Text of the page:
In a recent High Court case, a New Zealand Power Company challenged a Māori Land Court decision relating to the status of part of the Waikato Riverbed.

Background

The land in question comprises part of the Waikato Riverbed which is currently used by the Power Company for hydropower generation.

The land has never been brought within the regime of the Te Ture Whenua Māori Act 1993 or its predecessors. Instead, the Crown issued a certificate of title to itself under the 1952 Land Transfer Act. It then transferred that title to the Power Company’s predecessor.

In 2019, the Māori claimants associated with the land applied to the Māori Land Court for a determination that the riverbed has the status of Māori customary land.

The Power Company and the Attorney-General sought to strike out this application on the basis that the current titles, which are held by the Crown or the Power Company, are indefeasible. The Māori Land Court considered that the customary land claim was clearly tenable and therefore the Power Company’s strike out application was dismissed.

The Power Company, again supported by the Attorney-General, then challenged the Māori Land Court’s decision by way of a judicial review in the High Court.

The High Court decision

In the High Court a key issue was whether the Māori Land Court could declare land registered under the Land Transfer Act 2017 to be Māori customary land. The Power Company and the Attorney-General argued that the Māori Land Court cannot, and therefore the customary land claim should be struck out.

The Power Company’s argument was based on the premise that once title has been registered under the Land Transfer Act it becomes indefeasible, thereby extinguishing Māori customary title.

The High Court accepted the Power Company’s argument that indefeasibility of title will extinguish claims for customary title unless an exception to indefeasibility provided for by the Land Transfer Act applies.

However, the High Court found that the customary land claim should not be struck out. Its reasoning was based on the combined effects of the following:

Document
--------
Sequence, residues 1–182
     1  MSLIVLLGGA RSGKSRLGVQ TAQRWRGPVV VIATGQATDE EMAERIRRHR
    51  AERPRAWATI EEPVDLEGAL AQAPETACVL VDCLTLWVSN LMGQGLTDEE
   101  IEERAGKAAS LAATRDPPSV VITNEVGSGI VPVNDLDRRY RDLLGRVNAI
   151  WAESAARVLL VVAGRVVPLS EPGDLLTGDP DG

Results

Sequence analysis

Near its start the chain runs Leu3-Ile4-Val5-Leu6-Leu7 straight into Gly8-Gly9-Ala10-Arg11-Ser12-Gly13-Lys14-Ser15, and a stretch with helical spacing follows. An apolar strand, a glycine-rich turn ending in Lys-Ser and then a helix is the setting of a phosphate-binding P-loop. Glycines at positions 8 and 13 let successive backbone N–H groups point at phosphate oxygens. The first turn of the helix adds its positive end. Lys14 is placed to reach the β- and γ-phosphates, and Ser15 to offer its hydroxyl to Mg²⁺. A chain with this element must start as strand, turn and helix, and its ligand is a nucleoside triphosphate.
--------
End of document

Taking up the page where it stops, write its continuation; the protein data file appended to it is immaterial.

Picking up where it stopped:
• The restrictions on alienation of Māori customary land contained in the Te Ture Whenua Māori Act 1993;
  • Section 51(3)(b) of the Land Transfer Act, which provides that indefeasibility of title is subject to any enactment that overrides or limits the title;
  • The presumption that the Crown cannot be authorised to take property without compensation; and
  • The presumption that Parliament does not legislate inconsistently with Treaty of Waitangi principles.

 

The High Court concluded that the Māori claimants’ may proceed with their claim that the bed of the Waikato River was, and is, Māori customary land notwithstanding the certificates of title now held by the Power Company.

It will be up to the Māori Land Court to assess whether the land should be categorised as Māori customary land.

Outcome

While the High Court confirmed that the Māori claimants’ may proceed with their customary land claim, the Power Company’s judicial review application was partly successful.

The Māori claimants remaining two claims - that the Crown and the Power Company hold title to the riverbed in a fiduciary capacity (i.e. in the best interests of the Māori claimants), and that the Māori Land Court can declare that the Māori claimants are the owners of the river water - were struck out by the High Court.

 

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Devon Tesoriero